How to Make Homemade Tomato Sauce - Easily! With Step-by-step Directions, Photos, Ingredients, Recipe and Costs
This month's notes: October 2016: Blueberries have a very brief season usually just 3 or 4 weeks (June in the South, July in the North and August in the far north). Similarly for peaches (July South or August in the North); so, don't miss them: See your state's crop availability calendar for more specific dates of upcoming crops. And see our guide to local fruit and vegetable festivals, such as tomato, corn, peach or blueberry festivals. Organic farms are identified in green! Also make your own ice cream - see How to make ice cream and ice cream making equipment and manuals. Have fun, eat healthier and better tasting, and save money by picking your own locally grown fruit and vegetables, and then using our easy canning and freezing directions
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Yield: 7 quart jars
Making canned tomato sauce is something easy to do and will make your tomato dishes taste so much better. Home-canned tomato sauce have been a tradition for many generations. In the middle of the winter, you can use the tomato sauce to make a fresh spaghetti sauce, lasagna, chili, or other tomato-based meals for that fresh garden taste.
Here's how to do it, in easy steps and completely illustrated. This method is so easy, ANYONE can do this! It's a great thing to do with your kids! All you need is a water bath canner (a HUGE pot with a lid and jar tongs can substitute).
I've added free labels for your jars here, in a Word format! Just download, edit, and print in label paper.
- Tomatoes - about 35 to 45 lbs to make 7 quarts of finished sauce
- lemon juice - fresh or bottled, about 1/2 cup
- 1 Water bath Canner (a huge pot to sanitize the jars after filling (about $30 to $35 - $30 at mall kitchen stores and local "big box" stores. Note: we sell many sizes and types of canners for all types of stoves and needs - see canning supplies). Tomatoes are on the border between the high-acid fruits that can be preserved in a boiling-water bath and the low-acid fruits, vegetables and meats that need pressure canning
- 1 large pot (to scald the tomatoes, step 3) and 1 small pot to sanitize the lids.
- Pint or 8 ounce canning jars (Ball or Kerr jars can be found at Publix, Kroger, Safeway and local "big box" stores - about $9 per dozen jars including the lids and rings).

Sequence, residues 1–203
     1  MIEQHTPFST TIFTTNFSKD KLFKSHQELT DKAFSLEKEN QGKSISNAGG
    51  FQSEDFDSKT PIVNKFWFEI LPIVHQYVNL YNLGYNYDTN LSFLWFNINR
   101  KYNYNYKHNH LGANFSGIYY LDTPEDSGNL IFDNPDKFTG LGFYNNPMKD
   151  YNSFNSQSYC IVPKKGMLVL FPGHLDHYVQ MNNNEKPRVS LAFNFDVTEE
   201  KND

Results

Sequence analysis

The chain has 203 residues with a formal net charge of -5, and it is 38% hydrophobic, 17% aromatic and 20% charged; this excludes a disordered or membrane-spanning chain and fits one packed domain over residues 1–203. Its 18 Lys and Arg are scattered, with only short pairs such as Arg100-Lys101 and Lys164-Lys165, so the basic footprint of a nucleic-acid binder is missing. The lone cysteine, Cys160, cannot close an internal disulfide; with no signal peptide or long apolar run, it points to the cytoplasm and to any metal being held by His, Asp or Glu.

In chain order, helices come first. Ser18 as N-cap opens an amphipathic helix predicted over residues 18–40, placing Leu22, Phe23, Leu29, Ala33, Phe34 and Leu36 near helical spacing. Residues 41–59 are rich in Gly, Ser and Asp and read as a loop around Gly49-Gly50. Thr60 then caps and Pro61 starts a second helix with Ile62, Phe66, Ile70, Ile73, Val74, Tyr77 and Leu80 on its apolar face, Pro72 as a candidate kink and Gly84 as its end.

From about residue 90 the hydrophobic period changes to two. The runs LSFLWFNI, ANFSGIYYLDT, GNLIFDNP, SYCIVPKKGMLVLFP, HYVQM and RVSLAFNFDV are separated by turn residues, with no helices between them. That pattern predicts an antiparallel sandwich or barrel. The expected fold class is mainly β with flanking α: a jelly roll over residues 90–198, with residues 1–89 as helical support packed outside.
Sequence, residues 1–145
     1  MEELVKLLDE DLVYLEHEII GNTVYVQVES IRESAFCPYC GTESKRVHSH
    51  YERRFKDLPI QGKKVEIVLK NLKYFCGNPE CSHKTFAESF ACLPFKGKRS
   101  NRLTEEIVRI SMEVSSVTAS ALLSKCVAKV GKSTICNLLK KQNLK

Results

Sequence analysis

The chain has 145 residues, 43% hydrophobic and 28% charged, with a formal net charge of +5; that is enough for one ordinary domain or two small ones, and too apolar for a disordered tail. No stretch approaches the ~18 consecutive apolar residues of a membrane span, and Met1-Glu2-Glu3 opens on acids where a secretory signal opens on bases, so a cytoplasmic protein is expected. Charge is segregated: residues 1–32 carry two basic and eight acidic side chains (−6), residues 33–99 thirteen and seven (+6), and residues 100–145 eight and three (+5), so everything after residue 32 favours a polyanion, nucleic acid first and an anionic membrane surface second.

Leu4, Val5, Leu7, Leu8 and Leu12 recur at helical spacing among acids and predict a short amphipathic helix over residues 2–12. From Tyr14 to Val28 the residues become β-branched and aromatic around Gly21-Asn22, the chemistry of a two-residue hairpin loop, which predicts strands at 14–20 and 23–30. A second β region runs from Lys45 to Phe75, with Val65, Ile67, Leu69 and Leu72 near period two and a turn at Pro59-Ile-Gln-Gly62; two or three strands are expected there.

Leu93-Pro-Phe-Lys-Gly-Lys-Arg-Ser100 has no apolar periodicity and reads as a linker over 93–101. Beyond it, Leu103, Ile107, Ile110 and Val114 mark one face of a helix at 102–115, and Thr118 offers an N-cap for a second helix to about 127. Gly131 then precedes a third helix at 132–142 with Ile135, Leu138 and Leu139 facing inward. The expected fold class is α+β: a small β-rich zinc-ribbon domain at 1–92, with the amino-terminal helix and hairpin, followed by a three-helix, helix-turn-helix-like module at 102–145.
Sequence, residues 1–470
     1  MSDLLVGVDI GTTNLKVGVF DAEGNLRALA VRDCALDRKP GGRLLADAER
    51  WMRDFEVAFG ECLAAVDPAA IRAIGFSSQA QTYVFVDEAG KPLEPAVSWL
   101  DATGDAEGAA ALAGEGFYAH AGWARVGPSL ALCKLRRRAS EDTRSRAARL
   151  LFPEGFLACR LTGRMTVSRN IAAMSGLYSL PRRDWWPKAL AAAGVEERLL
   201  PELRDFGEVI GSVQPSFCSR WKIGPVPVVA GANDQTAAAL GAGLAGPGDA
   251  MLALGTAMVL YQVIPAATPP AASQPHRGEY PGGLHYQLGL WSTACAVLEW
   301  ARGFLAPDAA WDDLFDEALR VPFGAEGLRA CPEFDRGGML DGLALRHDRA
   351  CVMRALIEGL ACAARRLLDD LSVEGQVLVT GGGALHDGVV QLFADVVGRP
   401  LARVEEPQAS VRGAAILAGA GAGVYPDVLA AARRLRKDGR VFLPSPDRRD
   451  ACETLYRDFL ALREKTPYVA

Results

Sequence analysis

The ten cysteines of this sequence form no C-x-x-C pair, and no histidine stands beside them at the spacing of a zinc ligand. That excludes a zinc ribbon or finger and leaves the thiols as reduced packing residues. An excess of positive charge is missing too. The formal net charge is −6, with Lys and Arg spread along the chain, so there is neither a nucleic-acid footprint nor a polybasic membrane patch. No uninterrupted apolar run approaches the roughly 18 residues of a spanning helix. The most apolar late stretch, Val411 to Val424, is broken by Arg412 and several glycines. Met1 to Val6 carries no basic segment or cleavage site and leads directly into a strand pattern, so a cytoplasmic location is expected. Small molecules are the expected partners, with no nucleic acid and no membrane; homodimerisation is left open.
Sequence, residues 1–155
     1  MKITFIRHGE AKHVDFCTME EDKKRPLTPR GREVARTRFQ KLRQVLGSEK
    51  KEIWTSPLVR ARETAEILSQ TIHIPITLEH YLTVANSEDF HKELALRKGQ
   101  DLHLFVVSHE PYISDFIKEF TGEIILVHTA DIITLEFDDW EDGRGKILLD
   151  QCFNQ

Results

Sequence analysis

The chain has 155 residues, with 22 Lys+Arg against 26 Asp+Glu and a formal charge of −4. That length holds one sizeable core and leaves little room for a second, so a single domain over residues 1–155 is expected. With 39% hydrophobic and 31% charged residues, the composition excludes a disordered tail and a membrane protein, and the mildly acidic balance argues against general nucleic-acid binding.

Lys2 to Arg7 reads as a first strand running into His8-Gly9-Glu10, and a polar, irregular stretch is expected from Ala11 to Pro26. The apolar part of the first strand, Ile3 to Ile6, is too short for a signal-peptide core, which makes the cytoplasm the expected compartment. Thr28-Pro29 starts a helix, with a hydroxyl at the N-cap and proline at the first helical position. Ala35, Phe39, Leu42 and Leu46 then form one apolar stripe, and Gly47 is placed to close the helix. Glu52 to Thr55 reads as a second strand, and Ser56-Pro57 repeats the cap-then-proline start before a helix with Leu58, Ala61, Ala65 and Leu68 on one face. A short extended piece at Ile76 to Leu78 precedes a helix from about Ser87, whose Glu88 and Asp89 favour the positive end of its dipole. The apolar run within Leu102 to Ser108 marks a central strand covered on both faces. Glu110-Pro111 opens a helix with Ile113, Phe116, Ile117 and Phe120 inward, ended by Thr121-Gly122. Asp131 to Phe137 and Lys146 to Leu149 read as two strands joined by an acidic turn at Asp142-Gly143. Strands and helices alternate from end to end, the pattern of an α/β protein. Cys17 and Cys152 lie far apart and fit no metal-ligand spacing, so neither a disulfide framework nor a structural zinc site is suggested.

- Lids - thin, flat, round metal lids with a gum binder that seals them against the top of the jar. They may only be used once.
- Rings - metal bands that secure the lids to the jars. They may be reused many times.
- Jar grabber (to pick up the hot jars)
- Lid lifter (has a magnet to pick the lids out of the boiling water where you sanitize them. ($2 at mall kitchen stores and local "big box" stores, but it's usually cheaper online from our affiliates)
- Jar funnel ($3-Grocery stores, like Publix, Kroger and Safeway and local "big box" stores; sometimes even hardware stores)
- Large spoons and ladles
Directions - Step by Step, How to Make Home Canned Tomato Sauce from Fresh Tomatoes
Step 1 - Selecting the tomatoes
It's fun to go pick your own and you can obviously get better quality tomatoes!
At right is a picture of tomatoes from my garden - they are so much better than anything from the grocery store. And if you don't have enough, a pick-your-own farm is the pace to go! At right are 4 common varieties that will work:
|Top left: Beefsteak||Top right: Lemon Boy, yellow|
|Bottom left: Roma, paste-type||Bottom right: Better Boy|
The picture at right shows the best variety of tomato to use: Roma; also called paste tomatoes. They have fewer sides, thicker, meatier walls, and MUCH less water. And that means thicker sauce in less cooking time!
Also, you don't want mushy, bruised or rotten tomatoes!
For thin sauce – An average of 35 pounds is needed per canner load of 7 quarts; an average of 21 pounds is needed per canner load of 9 pints. A bushel weighs 53 pounds and yields 10 to 12 quarts of sauce-an average of 5 pounds per quart.
For thick sauce – An average of 46 pounds is needed per canner load of 7 quarts; an average of 28 pounds is needed per canner load of 9 pints. A bushel weighs 53 pounds and yields 7 to 9 quarts of sauce-an average of 6½ pounds per quart.
Step 2 - Get the jars and lids sanitizing
The dishwasher is fine for the jars; especially if it has a "sanitize" cycle. I get that going while I'm preparing everything else, so it's done by the time I'm ready to fill the jars. If you don't have a dishwasher, submerge the jars in a large pot (the canner itself) of water and bring it to a boil.
Be sure to let it go through the rinse cycle to get rid of any soap!
Get the canner heating up
Fill the canner about 1/2 full of water and start it heating (with the lid on).
Start the water for the lids
Put the lids into the small pot of boiling water for at least several minutes. Note: everything gets sanitized in the water bath (step 7) anyway, so this just helps to ensure there is no spoilage later!)
Step 3 - Removing the tomato skins
Here's a trick you may not know: put the tomatoes, a few at a time in a large pot of boiling water for no more than 1 minute (30 - 45 seconds is usually enough)
Plunge them into a waiting bowl of ice water.
This makes the skins slide right off of the tomatoes! If you leave the skins in, they become tough and chewy in the sauce, not very pleasant.
Step 4 - Removing the skins, bruises and tough parts
The skins should practically slide off the tomatoes. Then you can cut the tomatoes in quarters and remove the tough part around the stem and any bruised or soft parts.